CONCEPTUAL MODELS OF PUBLIC SPACE IN 19TH AND 20TH CENTURY MUSIC
The term "public space" was entered by the American anthropologist E. Hall, who understood it as a communication area of exclusive persons of the president or figures of policy and art with people. The goal of research is to reveal conceptual models of public space, their indicators and means of marking.
Research methods include hermeneutics, musicological analysis.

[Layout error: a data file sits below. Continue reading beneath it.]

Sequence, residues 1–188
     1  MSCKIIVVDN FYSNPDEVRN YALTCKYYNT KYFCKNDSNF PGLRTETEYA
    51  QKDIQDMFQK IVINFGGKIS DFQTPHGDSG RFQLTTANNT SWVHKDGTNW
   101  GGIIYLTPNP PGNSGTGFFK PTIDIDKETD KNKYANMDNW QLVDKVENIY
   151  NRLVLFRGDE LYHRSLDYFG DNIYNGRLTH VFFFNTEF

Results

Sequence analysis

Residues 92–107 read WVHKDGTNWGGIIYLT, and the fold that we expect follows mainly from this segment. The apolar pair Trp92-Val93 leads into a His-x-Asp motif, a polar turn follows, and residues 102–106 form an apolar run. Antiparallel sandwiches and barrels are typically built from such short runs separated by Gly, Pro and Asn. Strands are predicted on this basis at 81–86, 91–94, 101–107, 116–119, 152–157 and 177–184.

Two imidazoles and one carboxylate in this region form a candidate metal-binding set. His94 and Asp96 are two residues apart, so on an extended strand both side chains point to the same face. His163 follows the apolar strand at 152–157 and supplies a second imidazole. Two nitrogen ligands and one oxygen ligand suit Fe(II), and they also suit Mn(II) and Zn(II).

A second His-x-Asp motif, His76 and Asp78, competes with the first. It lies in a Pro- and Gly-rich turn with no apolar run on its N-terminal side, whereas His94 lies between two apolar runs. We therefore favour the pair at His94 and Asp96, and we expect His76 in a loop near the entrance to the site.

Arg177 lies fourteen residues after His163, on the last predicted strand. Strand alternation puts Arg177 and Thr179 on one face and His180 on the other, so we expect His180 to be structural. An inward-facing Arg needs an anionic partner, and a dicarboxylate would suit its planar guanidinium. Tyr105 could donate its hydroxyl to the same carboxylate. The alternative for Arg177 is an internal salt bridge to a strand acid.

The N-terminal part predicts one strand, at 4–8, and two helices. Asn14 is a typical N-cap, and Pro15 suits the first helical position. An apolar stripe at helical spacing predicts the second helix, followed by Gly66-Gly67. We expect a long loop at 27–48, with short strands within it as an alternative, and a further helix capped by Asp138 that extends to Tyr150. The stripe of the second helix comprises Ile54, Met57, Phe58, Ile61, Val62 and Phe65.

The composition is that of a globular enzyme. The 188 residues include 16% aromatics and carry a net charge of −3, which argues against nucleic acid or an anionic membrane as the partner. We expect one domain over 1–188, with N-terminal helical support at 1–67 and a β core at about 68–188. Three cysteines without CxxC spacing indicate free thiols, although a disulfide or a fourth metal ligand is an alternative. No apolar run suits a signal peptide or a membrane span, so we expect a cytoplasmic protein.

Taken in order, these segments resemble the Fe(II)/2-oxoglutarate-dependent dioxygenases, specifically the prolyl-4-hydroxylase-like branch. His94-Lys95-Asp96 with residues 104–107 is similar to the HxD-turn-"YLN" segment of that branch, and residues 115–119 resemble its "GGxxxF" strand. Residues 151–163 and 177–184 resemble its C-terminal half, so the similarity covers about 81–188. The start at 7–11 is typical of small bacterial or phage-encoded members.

We distinguish three models of conceptual space reflecting images of public, the people and the crowd. For instance, consolidation of people as spiritual community in church service is perceived as the people united by the common aspiration of national consciousness. In some cases the people turns into the mocking spontaneous crowd. Models of the people’s image reflection in music represent the unconscious aspirations existing in society at that historical period to a certain form of the statehood which is disclosed in the form of Utopia, anti-Utopia, liberalism, etc.